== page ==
Elizabeth White’s SickKids Experience

As you may know, I’m running the Scotiabank Toronto Waterfront Half Marathon this Sunday in support of the SickKids Foundation. I wanted to share with you a story about my friend Elizabeth, who has a very personal connection with the Hospital for Sick Children.

Elizabeth White was diagnosed with a congenital heart condition when she was a baby.

Elizabeth (left) with her sister
Elizabeth (left) with her sister

When she was 10 months old, she flew to SickKids hospital from Calgary for her first of what was to be many surgeries. When she was 5 years old, she had her first open heart surgery at SickKids.

Her congenital heart condition (pulmonary artesia tetralogy fallot, to be specific) is not genetic. At this point, doctors still don’t know what causes this condition. Here’s what SickKids has to say about Elizabeth’s condition:

“Congenital heart defects occur in about one out of every 100 babies born each year and more than 10 per cent of defects involve the pulmonary valve. The pulmonary valve prevents blood from leaking back into the right-sided pumping chamber. When defective, the pulmonary valve can obstruct flow to the lungs, cause breathing problems and fatigue, and can lead to heart failure. Children with congenital heart defects often have to undergo multiple open-heart surgeries, prolonged hospital stays and long recovery periods.”

In 2006, Elizabeth’s doctors at SickKids gave her the opportunity to be one of the first six people in Canada to undergo an innovative cardiac procedure. This procedure would use a catheter technique to replace a pulmonary valve, thus eliminating the need for children like Elizabeth to have multiple open heart surgeries.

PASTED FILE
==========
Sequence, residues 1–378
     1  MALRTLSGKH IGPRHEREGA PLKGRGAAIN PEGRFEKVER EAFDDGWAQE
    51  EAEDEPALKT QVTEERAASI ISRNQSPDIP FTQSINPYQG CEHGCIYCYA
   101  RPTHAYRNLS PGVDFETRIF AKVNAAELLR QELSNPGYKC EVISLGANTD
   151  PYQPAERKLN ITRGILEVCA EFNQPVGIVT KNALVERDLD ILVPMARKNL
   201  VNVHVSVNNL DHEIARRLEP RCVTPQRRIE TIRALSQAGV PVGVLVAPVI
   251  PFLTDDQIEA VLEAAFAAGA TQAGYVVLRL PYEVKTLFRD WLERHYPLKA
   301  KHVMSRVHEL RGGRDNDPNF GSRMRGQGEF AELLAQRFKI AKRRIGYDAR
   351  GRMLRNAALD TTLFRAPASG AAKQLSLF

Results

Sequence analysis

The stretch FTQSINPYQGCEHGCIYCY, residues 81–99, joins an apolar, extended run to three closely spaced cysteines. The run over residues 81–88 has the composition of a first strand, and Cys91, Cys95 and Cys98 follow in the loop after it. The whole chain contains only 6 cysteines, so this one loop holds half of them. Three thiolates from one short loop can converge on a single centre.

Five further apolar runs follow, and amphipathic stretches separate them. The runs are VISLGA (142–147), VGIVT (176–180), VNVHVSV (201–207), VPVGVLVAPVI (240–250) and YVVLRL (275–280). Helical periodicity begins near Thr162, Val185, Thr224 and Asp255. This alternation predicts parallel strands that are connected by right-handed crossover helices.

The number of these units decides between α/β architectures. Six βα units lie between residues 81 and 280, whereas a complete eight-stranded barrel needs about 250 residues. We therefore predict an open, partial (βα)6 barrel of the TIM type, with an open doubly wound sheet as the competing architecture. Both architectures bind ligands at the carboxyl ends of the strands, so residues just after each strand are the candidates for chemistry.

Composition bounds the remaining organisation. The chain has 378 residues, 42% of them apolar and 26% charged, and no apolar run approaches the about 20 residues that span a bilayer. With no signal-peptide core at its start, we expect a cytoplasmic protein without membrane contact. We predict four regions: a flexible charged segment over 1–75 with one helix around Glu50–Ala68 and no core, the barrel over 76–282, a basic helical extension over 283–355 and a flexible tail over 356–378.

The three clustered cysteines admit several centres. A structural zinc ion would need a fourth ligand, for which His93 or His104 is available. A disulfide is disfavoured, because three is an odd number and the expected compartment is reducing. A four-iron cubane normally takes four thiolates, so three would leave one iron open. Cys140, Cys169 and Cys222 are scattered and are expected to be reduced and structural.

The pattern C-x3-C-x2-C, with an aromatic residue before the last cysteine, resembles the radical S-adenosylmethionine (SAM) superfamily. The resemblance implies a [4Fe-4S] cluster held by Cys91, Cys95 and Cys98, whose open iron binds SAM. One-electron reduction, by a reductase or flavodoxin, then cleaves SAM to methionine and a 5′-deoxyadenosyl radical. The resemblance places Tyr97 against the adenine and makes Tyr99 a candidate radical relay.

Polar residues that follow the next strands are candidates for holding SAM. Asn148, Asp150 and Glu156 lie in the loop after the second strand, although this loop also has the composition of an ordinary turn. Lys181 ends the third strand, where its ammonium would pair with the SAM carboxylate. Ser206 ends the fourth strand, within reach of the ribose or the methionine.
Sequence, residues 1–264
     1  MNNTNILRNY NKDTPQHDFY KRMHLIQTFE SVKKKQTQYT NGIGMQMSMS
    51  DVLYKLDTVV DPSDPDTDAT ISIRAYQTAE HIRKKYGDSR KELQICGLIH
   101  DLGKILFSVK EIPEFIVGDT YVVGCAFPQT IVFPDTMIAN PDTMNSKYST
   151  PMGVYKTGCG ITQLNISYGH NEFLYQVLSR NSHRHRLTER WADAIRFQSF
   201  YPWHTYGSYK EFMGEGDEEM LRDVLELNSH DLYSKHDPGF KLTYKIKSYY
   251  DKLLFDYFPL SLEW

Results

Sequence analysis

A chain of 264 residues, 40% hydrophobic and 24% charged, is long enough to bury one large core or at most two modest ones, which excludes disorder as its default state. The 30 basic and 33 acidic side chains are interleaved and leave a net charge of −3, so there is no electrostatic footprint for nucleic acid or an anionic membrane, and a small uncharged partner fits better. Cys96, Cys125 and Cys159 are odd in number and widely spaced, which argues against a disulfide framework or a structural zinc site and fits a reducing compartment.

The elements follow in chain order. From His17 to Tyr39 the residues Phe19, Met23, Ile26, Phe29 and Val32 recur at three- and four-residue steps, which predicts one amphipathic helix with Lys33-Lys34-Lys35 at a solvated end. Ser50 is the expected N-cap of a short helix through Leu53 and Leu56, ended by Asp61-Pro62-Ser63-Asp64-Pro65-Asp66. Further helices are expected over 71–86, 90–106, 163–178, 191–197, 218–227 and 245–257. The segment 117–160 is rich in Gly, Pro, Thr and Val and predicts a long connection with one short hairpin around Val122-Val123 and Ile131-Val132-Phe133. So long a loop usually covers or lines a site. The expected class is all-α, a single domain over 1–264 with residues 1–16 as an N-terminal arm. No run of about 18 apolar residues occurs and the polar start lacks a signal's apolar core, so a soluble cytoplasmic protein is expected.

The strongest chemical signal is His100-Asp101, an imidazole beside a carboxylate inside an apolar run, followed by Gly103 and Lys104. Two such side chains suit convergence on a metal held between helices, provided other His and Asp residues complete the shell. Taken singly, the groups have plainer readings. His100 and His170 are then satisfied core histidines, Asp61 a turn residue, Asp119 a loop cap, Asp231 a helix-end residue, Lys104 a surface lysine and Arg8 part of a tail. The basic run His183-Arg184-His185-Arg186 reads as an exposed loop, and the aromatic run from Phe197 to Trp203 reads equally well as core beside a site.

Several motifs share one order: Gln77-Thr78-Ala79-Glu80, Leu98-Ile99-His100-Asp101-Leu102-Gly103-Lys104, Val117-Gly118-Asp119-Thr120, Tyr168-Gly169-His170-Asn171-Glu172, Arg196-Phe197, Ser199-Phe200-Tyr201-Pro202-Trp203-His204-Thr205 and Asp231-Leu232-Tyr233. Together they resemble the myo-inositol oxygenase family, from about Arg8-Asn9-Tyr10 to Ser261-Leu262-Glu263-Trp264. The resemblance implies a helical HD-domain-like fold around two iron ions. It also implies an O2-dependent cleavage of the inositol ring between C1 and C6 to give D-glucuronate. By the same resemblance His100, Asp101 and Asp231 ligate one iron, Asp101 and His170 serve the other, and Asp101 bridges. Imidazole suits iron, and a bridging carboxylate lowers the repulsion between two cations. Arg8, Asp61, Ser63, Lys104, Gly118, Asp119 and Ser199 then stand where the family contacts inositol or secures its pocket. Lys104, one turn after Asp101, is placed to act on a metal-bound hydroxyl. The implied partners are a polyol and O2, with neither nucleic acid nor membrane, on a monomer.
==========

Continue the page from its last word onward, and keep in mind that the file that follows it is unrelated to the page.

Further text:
The minimally invasive procedure, performed in the Cardiac Catheterization Lab, can take as little as 90 minutes and means that the patient can go home the next day, rather than experience the lengthy recovery of open heart surgery.

Capture 1

I chatted with Elizabeth, a friend from choir, about why SickKids needs our support.

“I basically grew up with the doctors and nurses at SickKids,” she said. “It was usually the same people working with me, from someone putting on my holter monitor to someone doing my ECG. There were always familiar faces who knew me and always took the time to answer my questions.”

People sometimes feel that the SickKids Foundation is a charity that gets a lot of support already, so I asked Elizabeth why it’s important for us to continue to give it support. “It’s the top children’s hospital in the world, but they still don’t have all the answers. For example, though the treatment of my condition is getting better and less-invasive, they still don’t know what causes it, because it’s not genetic.” Elizabeth stressed that SickKids had the facilities to do tests and catch things before they became an emergency.

Elizabeth is now 23 and graduated from York with a degree in music; voice, to be specific. Singing can be strenuous on the body, and it’s thanks to the team at SickKids that she is as healthy as she is today.

On Sunday, I’m running the Scotiabank Toronto Waterfront Half Marathon for the SickKids Foundation. I’m close to reaching my goal of $500, but I still need help! Please consider donating even $10. It will make a difference to someone like Elizabeth. Thank you so much.



One Comment Add yours

  1. Brit says:

    Donation made! Sick Kids helped clubby and I a lot when I was a kid too! Good luck pal. xx

Leave a Reply

Fill in your details below or click an icon to log in:

WordPress.com Logo

You are commenting using your WordPress.com account. Log Out /  Change )

Google photo

You are commenting using your Google account. Log Out /  Change )

Twitter picture

You are commenting using your Twitter account. Log Out /  Change )

Facebook photo

You are commenting using your Facebook account. Log Out /  Change )

Connecting to %s